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Only in prayerful reflection do we recognise that Christ is present in the changed circumstances of our lives.

Third Sunday of Easter, Acts 5:27-32, 40-41; Ps 30; Rev 5:11-14; Jn 21:1-19 (Year C)

By on Tuesday, 16 April 2013

The Church, as the gathering of God’s people throughout the world, is the living and abiding sign of Christ’s Resurrection.
The Church must therefore continue to display the qualities that characterised the Resurrection communities described in the early chapters of the Acts of the Apostles.

These young churches were, above all, distinguished by the welcome they extended to all. As people heard the preaching of the Apostles, and witnessed lives transformed by the power of the risen Christ, they responded with enthusiasm. During this Year of Faith we are called to proclaim the Gospel with the same joy, and, through the warmth of our welcome, to welcome a world that is searching for meaning.

Another characteristic of these early churches was the opposition that greeted the Gospel. Peter and the Apostles were dragged before the authorities on many occasions. They gladly suffered such humiliation, always giving an account of their faith. We, in our turn, should be always ready to give an account of our faith to a sceptical world. We should not hide the values that give meaning to our lives.

The concluding verses of John’s Gospel are a wonderful illustration of the constant renewal that must accompany the Church if she is to live with the vitality of those early churches. Christ showed himself to his disciples by the Sea of Tiberias. The preliminary verses introducing the scene give the distinct impression that the assembled apostles had lost their initial enthusiasm. They did not know what to do. A downhearted Peter suggested that they return to what had been their occupation prior to their first encounter with Jesus. “Simon Peter said: ‘I’m going fishing.’ They replied: ‘We’ll come with you.’ They went out and got into the boat, but caught nothing that night.”

We also shall live through times when we feel far from Christ’s presence. Like the Apostles we shall be tempted to return to old ways, to lives untouched by faith.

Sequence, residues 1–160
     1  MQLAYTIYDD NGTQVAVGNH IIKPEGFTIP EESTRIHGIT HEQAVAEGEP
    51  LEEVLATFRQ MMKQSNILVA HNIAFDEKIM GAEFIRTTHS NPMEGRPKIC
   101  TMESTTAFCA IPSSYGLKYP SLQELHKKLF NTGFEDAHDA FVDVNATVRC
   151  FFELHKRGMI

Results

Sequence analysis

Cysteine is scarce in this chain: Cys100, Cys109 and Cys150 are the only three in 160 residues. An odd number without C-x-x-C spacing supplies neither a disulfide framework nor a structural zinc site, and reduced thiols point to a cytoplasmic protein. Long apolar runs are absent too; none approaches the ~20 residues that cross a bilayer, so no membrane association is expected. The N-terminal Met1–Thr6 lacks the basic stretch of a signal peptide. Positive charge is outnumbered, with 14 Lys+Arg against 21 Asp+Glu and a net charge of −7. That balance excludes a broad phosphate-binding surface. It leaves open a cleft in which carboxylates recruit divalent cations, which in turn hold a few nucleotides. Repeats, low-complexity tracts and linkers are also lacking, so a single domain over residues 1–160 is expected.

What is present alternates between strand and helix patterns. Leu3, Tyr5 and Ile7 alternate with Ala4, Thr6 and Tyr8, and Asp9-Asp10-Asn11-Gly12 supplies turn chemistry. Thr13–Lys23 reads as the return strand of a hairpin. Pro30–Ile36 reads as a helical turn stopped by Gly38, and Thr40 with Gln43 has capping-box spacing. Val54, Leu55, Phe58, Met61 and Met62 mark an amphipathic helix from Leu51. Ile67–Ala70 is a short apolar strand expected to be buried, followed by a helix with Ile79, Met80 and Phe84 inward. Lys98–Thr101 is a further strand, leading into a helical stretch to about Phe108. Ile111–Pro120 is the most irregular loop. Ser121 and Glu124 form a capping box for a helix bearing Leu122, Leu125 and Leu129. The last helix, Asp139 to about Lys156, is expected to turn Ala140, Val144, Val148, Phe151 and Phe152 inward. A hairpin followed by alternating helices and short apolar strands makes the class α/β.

As night gave way to day, Jesus greeted the frustrated Apostles from the shore, inquiring about their fruitless labours. At first they did not recognise him. Could it be that this details was deliberately included to remind us that the Risen Lord frequently comes to us in new and unexpected ways. When Christ reveals himself to us in new ways we do not always recognise him. Only in prayerful reflection do we recognise that Christ is present in the changed circumstances of our lives.
Jesus invited his disciples to cast their nets again to starboard. It was as if Jesus was taking them back to the beginning of his ministry, to that first encounter on the shores of Lake Tiberias. On that occasion Jesus had brought about a miraculous catch of fish after a night of sterile labour. The repetition of that miracle reminded the disciples that without the Lord we labour in vain.

With him everything becomes possible. When the disciples stepped ashore at the invitation of their Lord, they were reminded again of what would be their enduring strength. Jesus blessed bread and fish to feed his hungry Apostles. Surely they remembered that Christ had revealed himself as the Bread of Life when he had fed the multitude with a few loaves and fishes. Now they knew that he was with them always whenever they gathered for the Breaking of Bread. The celebration of the Eucharist, despite its inevitable familiarity, will always be for us an encounter with our Risen Lord.

Finally, Jesus sought out Peter, the Peter who had denied him three times in the hours before his crucifixion. Three times he confronted him with the same question. “Simon, son of John, do you love me?” Like Peter, we shall abandon the Lord. Only one thing has the power to bring us back: the love that Christ puts in our hearts.